Game Bird Profile: Sharp-tailed Grouse
Because much of its range is in the northwestern United States, the sharp-tailed grouse is a species that can be successfully hunted on public lands in many states. (Photo by: Tom Reichner/Shutterstock)
A number of different grouse species can be found throughout much of the United States and North America, providing plenty of opportunities for those who enjoy hunting and hunting dogs. And across their vast range, these different species of grouse all have unique characteristics and prefer very different types of habitat than their many feathered cousins.
A member of the Phasianidae family, the sharp-tailed grouse, Pedioecetes phasianellus, is quite different in appearance and preferred habitat type from its better-known cousin, the ruffed grouse, commonly referred to as “the king of game birds.” Looking very much like a prairie chicken (they are closely related), the sharp-tailed grouse is known for putting hunting dogs – and hunters – to a rigorous test on the vast open prairies of America.
Sharp-tailed Grouse Range
Primarily a mid-continent species, sharp-tailed grouse populations thrive in roughly the northern half of Nebraska, both Dakotas, nearly all of Montana (except the far western quarter), and into the northeastern third of Wyoming. Further west, the birds can be found in southeastern Idaho and pockets of western Idaho, with some limited populations existing in the northeastern part of Washington State. .
Although primarily a north latitude bird, the sharp-tailed grouse’s range dips into some more central states, extending as far south as southern and southwestern Colorado . Farther east, the birds are found in northern Minnesota, extending into Wisconsin and even parts of central Michigan. Interestingly, the sharp-tailed grouse also inhabits much of Alaska, where the birds inhabit nearly half of the middle portion of that state.
In Canada, the south-central thirds of the central provinces are home to the most sharp-tailed grouse. The birds inhabit much of Manitoba and Saskatchewan, with the southern half of these provinces having the best populations. Sharp-tailed grouse are also found in much of the southern half of Alberta and Ontario, as well as southern British Columbia and parts of Quebec.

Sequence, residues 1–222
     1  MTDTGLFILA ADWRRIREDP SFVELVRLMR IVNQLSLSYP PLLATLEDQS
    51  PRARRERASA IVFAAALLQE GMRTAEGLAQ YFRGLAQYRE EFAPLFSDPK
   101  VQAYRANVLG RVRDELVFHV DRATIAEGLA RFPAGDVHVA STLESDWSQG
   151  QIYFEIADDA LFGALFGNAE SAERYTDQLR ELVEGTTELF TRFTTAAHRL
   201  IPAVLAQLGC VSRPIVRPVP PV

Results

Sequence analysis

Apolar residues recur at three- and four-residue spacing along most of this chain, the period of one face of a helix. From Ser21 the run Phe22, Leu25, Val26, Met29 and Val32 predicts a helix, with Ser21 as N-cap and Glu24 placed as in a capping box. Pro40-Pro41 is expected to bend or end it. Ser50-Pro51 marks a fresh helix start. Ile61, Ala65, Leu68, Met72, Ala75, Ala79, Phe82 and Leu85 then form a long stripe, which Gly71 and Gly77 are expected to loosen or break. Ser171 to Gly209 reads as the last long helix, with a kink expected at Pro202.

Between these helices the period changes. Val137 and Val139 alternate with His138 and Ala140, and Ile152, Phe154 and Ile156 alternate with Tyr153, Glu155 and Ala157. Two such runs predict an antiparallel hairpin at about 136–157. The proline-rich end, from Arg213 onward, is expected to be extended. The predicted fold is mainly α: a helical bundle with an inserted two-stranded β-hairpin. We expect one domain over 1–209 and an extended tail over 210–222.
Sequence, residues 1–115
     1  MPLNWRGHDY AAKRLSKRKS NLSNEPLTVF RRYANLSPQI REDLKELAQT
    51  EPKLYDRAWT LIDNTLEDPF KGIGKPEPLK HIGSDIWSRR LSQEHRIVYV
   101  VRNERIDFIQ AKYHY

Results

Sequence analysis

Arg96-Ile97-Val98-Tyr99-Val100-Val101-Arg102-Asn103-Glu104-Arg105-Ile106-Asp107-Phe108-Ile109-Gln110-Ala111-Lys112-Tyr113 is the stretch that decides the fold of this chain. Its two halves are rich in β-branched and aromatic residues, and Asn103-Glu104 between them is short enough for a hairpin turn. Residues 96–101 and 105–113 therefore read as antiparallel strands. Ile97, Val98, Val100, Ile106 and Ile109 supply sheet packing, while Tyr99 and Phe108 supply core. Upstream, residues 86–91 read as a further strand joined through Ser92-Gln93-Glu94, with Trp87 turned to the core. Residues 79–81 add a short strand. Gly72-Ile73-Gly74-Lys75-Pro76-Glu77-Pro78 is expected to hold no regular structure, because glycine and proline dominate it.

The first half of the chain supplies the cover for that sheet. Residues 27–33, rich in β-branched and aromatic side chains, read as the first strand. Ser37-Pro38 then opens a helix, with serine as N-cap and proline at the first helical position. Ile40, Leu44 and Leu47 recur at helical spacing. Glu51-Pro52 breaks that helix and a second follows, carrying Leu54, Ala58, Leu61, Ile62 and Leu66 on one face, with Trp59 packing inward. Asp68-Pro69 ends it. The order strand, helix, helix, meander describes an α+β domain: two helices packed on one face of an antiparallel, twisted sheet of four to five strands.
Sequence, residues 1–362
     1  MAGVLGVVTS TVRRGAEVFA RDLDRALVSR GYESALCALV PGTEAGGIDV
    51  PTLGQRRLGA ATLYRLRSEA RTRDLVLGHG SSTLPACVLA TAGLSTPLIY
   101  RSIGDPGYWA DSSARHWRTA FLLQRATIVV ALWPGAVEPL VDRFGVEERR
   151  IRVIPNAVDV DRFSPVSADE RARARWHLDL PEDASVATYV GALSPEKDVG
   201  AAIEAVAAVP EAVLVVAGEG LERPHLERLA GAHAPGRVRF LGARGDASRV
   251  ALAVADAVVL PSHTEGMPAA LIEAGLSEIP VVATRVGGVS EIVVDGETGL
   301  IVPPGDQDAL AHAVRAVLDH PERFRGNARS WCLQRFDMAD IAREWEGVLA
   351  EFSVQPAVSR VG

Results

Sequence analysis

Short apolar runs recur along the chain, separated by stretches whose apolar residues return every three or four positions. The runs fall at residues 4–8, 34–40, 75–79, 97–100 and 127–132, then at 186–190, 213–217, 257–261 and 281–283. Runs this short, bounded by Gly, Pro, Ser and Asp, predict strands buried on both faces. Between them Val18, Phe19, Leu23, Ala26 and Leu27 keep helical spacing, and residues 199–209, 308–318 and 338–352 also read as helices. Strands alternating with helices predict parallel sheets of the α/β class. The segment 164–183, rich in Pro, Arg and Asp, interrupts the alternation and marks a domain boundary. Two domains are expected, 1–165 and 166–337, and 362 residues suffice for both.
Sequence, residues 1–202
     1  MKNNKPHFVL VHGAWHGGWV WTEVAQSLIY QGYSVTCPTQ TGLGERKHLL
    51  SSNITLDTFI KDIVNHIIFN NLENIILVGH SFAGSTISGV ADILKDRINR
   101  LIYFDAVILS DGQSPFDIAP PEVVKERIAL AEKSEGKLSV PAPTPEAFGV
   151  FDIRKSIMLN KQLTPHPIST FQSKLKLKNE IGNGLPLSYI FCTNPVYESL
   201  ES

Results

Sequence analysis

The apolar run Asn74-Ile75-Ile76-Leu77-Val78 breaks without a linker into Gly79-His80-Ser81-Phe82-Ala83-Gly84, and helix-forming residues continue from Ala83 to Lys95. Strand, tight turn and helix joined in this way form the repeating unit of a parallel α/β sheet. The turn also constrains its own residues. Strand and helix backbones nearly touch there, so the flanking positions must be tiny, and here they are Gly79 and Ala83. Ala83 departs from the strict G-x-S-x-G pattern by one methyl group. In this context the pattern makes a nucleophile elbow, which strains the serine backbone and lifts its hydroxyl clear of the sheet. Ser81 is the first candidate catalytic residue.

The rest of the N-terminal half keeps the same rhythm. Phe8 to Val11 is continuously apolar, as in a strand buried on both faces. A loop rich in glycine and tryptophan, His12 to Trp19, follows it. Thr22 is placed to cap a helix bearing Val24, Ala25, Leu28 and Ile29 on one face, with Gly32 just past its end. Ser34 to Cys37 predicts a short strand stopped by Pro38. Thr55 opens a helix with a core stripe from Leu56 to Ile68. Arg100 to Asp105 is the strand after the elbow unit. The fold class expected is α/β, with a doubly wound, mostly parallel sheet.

Sharp-tailed Grouse Biology and Habitat
The sharp-tailed grouse is a grayish crow-sized bird with a small head and beak, short legs, and a pointed tail of medium length. Unlike other game birds, they are larger than a gray partridge, but smaller than a ring-necked pheasant. They are a muted, mottled color, looking like a nondescript grayish or brownish tint when rinsed off. When studied more closely, they are mottled brown with interspersed black, white, and even golden feathers. They have a white underbelly and undertail-coverts.
Since many hunters find sharp-tailed grouse when hunting in the open prairie for them along with a number of other grassland species, most consider them strictly a grassland bird. But although they are common in grasslands in their southern range, the birds are more often found along the edges of bogs in the boreal forests of their northern range. Northern birds are generally much darker in color than their southern counterparts. Sharp-tailed grouse feed on seeds, grain, and insects, and many are found near cultivated land when grain crops are ripe. They also feed on berries, buds and flowers. Insects like grasshoppers are a staple of their diet in the summer, especially for young birds.